|By: Caitlin Klaeui||January 31, 2017||Community, Health||83 Views|
A group of students sit cross-legged on the floor.
The lights are dimmed and soft music plays in the background. To some, this may not seem like a means of therapy, but Jamie Derrick believes otherwise.
The University of Idaho faculty member and mindfulness education and practice instructor said there are many misconceptions about meditation.
Derrick said the image of cross-legged students, while not inaccurate, is a definite overgeneralization, as meditation can be practiced in any position and under many different circumstances.
“It’s misleading to think that when you close your eyes and get quiet you are immediately blissful,” Derrick said.
Rather, Derrick said meditation can be described as “cleaning house,” or the opportunity to search the mind, recall memories that may have been buried and explore current life problems.
“Meditation practice is kind of helping us clean the corners and tidy things up,” Derrick said.
Meditation can heal by helping individuals resolve past memories and problems, giving them time to understand themselves, and learn to apply that understanding to current stressors.
“There is a sense of confidence and stability that arises from it,” Derrick said. “Our minds get stronger. People’s memories improve and their ability to stay steady in challenging moments improves. Almost any kind of performance improves.”
Derrick said even the Seattle Seahawks meditate. While meditation is a learned and practiced skill that can help people resolve problems and boost performance in everyday life, it’s not the only method of alternative healing.
A more physical form of therapy is found in acupuncture, a key component of Chinese medicine. Kameron Schott, a licensed acupuncturist with training in Chinese medicine, is a practitioner at Root Health Acupuncture. Schott said acupuncture is often thought of “alternative” medicine, but she doesn’t believe the label is quite accurate.
“People call it alternative medicine and that’s legit, but if you think of acupuncture and Chinese medicine, it’s at least 5,000 years old, that we know of,” Schott said. “So, I might say traditional medicine.”
The process of acupuncture uses tiny, one-time-use needles on different channels mapped out on the body that allows the system to achieve better balance, Schott said. This helps the immune system heal or relieves pain, depending on the problem a person is facing.
This form of alternative healing, or traditional medicine, has benefits as both a mental and physical form of healing. Schott said she practices preventative medicine. Rather than waiting for a problem to arise and then treating it, she would rather prevent the problem from ever arising in the first place.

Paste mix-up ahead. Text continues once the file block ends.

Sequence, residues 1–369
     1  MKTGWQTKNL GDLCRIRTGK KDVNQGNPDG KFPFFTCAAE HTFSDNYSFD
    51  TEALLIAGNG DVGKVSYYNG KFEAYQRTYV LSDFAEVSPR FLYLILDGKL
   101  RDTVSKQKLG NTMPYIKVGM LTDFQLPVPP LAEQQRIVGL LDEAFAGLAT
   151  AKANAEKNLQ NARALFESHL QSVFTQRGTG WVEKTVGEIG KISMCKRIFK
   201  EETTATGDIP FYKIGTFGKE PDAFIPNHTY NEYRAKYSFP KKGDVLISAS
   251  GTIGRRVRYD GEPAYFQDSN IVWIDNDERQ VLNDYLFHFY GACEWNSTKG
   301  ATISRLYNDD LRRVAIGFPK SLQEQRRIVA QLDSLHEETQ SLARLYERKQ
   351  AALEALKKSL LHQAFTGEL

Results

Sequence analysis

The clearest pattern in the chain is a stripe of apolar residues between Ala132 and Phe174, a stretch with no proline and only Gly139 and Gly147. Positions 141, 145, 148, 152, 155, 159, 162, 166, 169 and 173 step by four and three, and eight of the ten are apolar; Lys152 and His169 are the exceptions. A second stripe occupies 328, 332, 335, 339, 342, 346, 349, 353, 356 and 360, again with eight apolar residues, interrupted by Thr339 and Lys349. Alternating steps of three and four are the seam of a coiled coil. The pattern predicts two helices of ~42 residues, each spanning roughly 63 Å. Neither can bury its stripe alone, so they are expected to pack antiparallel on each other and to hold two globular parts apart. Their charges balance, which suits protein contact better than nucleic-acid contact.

“There are few to no side effects,” Schott said. “If someone tries it and it works great for them, then great. If they try it and it doesn’t work great from them, then they’re just out of a little money.”
Overall, as long as it is done correctly, there are minimal side effects and risks associated with acupuncture.
“In training as an acupuncturist, we also get a lot of training in western medicine as well, because it’s important for a practitioner to be well-versed in the language and also just understand if someone brings in blood work, for example,” Schott said.
Having this background allows acupuncture and Chinese medicine practitioners to understand medical problems people may be facing and assist in solving them — often in ways that a traditional medical clinic may not consider.
Schott said it’s also important to verify an acupuncturist’s credentials to be sure they are a true practicing acupuncturist, and not just a chiropractor who took a 30-hour training course.
While acupuncture targets healing and pain relief, another unique form of therapy is designed to assist the disabled.
Sue Jacobson, director for the Palouse Area Therapeutic Horsemanship (PATH) program, has been working at Washington State University with the People-Pet Partnership for more than 10 years to provide equine therapy.
“The goal of the program is to help kids and adults that have physical and/or mental disabilities,” Jacobson said.
PATH offers group therapeutic riding lessons designed around helping disabled riders get off the ground and move in a way they would otherwise be unable to. Jacobson said the safety of the horses and riders are the first priority.
“If a rider wants to trot and the way they are seated causes bouncing that hurts the horse, they will just go at a walk,” Jacobson said.
There are certain risks associated with the program due to its nature and the animals being used, but Jacobson said accidents are uncommon because of the precautions taken to ensure the safety of both the people and the animals. She said the benefits of equine therapy also largely negate the risk of accidents.
“The benefits of therapeutic riding include increased muscle strength, flexibility, better joint mobility, improved balance, improved verbal communication and social skills and self-confidence,” Jacobson said.
Certified therapeutic riding instructors teach the classes, but depend greatly on volunteers — many of whom are high school and college students. This allows anybody to be involved in the program, whether as a rider or as a volunteer assisting with the horses.
Regardless of the reason someone may seek out an alternative means of healing or which form may work best for an individual, Schott said the ultimate goal of alternative healing is to provide additional options outside of standard western medicine practices.
“A big part of being human, I think, is that people are feeling like there is a space for them to express their concerns and someone is actually listening,” Schott said. “And hopefully people are getting information and tools so that they can feel empowered to affect their own health.”